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half enough

Half Japanese Christmases

Christmas before finding out the truth about Santa

My father told me there was no Santa Clause when I was seven years old. I wasn’t completely surprised, though the little ounce of hope I did have that Santa Clause might exist was dispelled when he made the news official.

It was the year 1990 and my parents were struggling financially. My father sat me and my brother atop the toilet seat lid in the bathroom and turned the fan on. I think he was expecting the worst so he turned the fan on as background noise in case we might cry and storm out of the bathroom. He explained to us gently that all of the gifts we’ve been receiving at Christmas every year were really from him and my mom. It was difficult for him to break the news. Interestingly, we took it well. The conversation didn’t last for more than eight minutes and we didn’t storm out crying. I did half-heartedly attempt to defend Santa Clause’s existence by telling my dad about my Santa and reindeer sightings. And I asked him who, if not Santa, ate the milk and cookies I left out. “I did,” my dad said in a guilt-ridden tone. At the end of the conversation, my brother and I went outside to play.

Although I enjoyed the festive cultural traditions of the holiday season, I knew — even at seven years old — it was illogical to believe that an unaging 60-something year old man in a red suit floating in the sky in a sleigh with nine reindeer could possibly exist. At the same time, I was also convinced that the story of Santa Clause had to have some factual evidence. Mainly, I was just disappointed that now I knew who my Christmas gifts were from. What made Christmas fun until my seventh one was that the gifts were from someone I’d never met but always had a magical hope toward meeting. Not being able to personally meet and thank Santa every year made every Christmas a challenging adventure to look forward to.

That year my brother and I set up the plastic Christmas tree ourselves and decorated it with the stored ornaments in the closet. We received one gift each from our parents. My brother got a brain buster flashcard set and I got the Candy Land board game. On Christmas Day, after we opened our presents and ate breakfast, I looked out the window and swore that the tiny shadow behind the cloud in the sky was Santa sleighing his reindeer.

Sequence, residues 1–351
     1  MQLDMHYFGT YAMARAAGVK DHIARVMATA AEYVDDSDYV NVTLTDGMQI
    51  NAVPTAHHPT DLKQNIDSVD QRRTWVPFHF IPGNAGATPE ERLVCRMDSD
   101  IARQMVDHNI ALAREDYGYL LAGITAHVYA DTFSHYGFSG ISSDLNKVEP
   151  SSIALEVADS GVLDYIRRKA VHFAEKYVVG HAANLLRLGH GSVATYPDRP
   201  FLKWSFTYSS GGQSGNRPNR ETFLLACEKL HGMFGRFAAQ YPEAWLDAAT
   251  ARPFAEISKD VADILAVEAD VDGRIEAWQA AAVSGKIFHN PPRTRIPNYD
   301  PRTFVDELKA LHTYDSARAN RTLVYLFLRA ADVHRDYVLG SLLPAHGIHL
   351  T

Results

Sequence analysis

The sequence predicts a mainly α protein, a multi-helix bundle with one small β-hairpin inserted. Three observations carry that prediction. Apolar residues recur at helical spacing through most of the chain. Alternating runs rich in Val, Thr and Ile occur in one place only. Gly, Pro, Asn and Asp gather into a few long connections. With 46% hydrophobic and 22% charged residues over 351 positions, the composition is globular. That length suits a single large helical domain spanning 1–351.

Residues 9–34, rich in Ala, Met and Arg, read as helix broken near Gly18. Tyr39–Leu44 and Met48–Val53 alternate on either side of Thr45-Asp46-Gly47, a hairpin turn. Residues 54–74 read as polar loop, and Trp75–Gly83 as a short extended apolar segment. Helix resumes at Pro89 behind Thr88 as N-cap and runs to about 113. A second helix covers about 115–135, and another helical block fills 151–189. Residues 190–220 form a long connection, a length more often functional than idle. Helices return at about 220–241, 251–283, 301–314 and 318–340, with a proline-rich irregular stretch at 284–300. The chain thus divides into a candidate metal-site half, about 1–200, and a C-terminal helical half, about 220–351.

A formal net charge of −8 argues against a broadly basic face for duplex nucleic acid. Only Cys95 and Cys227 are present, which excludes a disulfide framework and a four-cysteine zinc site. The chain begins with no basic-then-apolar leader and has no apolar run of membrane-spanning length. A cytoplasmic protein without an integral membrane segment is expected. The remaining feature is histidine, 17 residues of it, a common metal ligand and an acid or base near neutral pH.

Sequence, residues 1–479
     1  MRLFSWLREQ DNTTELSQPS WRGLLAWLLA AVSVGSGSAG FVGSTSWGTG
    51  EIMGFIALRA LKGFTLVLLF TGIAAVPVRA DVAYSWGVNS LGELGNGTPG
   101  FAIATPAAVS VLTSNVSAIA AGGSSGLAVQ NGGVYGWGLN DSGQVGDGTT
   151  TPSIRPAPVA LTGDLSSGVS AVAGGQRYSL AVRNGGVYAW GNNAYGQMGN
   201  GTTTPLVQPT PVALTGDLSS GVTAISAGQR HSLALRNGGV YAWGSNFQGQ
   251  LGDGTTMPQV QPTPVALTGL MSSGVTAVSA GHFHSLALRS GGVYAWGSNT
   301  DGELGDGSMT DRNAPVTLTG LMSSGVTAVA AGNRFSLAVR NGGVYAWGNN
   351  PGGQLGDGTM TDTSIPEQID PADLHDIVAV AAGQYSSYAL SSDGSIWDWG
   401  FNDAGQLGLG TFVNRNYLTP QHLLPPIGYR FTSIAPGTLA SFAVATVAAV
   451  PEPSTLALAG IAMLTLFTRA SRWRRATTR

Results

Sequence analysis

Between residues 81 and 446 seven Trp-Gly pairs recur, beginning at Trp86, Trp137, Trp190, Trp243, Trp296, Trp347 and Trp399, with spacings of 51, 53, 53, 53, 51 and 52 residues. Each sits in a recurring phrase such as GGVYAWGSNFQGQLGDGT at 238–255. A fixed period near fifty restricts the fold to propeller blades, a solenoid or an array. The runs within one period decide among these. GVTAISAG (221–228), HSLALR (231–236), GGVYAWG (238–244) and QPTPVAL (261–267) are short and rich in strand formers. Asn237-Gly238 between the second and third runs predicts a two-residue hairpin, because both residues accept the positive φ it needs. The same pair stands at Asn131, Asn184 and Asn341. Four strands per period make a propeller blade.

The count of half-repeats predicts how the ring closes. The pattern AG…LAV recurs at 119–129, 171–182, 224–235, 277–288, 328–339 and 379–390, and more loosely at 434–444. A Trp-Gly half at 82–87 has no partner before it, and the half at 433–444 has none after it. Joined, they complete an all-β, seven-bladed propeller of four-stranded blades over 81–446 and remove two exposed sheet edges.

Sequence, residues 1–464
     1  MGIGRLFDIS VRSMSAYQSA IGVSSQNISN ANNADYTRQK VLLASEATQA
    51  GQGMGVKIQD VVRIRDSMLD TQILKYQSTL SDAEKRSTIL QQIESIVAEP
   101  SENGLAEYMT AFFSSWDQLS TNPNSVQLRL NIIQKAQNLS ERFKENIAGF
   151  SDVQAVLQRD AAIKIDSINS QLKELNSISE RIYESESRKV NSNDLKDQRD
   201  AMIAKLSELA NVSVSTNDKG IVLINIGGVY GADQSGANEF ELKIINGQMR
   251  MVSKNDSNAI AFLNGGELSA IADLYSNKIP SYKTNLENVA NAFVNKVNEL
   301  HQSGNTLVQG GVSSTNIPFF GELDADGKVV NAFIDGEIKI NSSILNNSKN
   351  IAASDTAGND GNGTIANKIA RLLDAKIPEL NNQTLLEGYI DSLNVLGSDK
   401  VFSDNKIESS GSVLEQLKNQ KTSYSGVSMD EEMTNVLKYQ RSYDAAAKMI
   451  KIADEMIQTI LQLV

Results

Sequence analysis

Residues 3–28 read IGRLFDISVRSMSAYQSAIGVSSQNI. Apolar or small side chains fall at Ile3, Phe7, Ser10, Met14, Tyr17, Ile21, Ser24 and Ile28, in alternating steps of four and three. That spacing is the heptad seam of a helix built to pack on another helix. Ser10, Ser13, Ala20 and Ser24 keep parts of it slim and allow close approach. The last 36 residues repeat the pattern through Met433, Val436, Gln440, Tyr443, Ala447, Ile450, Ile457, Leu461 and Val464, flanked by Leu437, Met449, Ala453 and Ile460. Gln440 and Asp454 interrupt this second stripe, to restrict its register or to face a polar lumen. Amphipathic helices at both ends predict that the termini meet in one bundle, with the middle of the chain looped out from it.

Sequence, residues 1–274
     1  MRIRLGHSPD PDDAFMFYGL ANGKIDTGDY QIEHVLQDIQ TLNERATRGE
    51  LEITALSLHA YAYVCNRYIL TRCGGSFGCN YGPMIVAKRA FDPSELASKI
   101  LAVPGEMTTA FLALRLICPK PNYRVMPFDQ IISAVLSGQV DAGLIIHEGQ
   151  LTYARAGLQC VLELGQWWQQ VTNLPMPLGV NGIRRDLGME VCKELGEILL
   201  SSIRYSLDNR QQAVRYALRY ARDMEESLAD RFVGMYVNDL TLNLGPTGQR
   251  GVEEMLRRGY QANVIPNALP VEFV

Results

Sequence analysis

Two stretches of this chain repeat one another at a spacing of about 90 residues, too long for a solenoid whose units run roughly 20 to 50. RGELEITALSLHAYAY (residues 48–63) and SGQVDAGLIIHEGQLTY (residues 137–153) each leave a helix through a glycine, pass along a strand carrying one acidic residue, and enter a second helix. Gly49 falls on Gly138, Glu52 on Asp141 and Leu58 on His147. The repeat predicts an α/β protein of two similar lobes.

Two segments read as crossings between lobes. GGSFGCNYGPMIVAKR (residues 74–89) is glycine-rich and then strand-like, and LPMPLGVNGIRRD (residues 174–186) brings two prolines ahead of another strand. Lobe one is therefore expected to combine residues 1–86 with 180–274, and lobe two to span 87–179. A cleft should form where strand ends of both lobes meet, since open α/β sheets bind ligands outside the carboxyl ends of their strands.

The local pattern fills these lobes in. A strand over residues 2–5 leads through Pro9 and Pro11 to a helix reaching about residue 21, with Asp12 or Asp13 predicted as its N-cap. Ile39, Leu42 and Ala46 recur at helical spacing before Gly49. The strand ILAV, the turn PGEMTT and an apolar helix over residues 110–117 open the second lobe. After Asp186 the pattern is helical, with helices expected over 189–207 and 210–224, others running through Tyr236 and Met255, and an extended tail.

Christmas after finding out the truth about Santa

Christmases after my dad told us the truth about Santa have all been quite similar. The only change is that I’m a year older, a little more cynical about cultural traditions being confused with religion, and more hopeful that the next year will be better than the last. I don’t receive as many gifts and the ones I do receive come from unexpected people and friends and family.

Christmas no longer has anything to do with Santa. From high school on, Christmas just becomes a time of year — when students are on winter holiday, workers take their vacations, the weather is colder, green and red colors line the streets, and Christmas carolers (I have no idea where they come from) sing on main streets and at a participating Starbucks. The most recent group of carolers I saw was at the New Otani Starbucks in Little Tokyo a week after Thanksgiving.

I grew up in an actively Buddhist household. Buddhists don’t believe in God, celebrate the birth of Jesus or hail Mary at Christmas. I’ve always been fine with that. Christmases in my household were celebrated solely for the fun of it all thanks to American cultural traditions and of course, television. My family never had discussion on the relationship between the way we and most people we knew celebrated the holidays and their religious backdrop. We just had fun with celebrating the end of the year with family and friends and exchanging presents. The way I celebrate Christmas can be considered superficial, but I can’t see myself spending the holidays any other way.

I guess the only thing that makes my Christmas half Japanese is that I’m half Japanese.

© 2006 Victoria Kraus

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Sobre esta serie

"Half Enough" is Victoria's first regular column series. Opinions expressed in this column are not necessarily those of Discover Nikkei.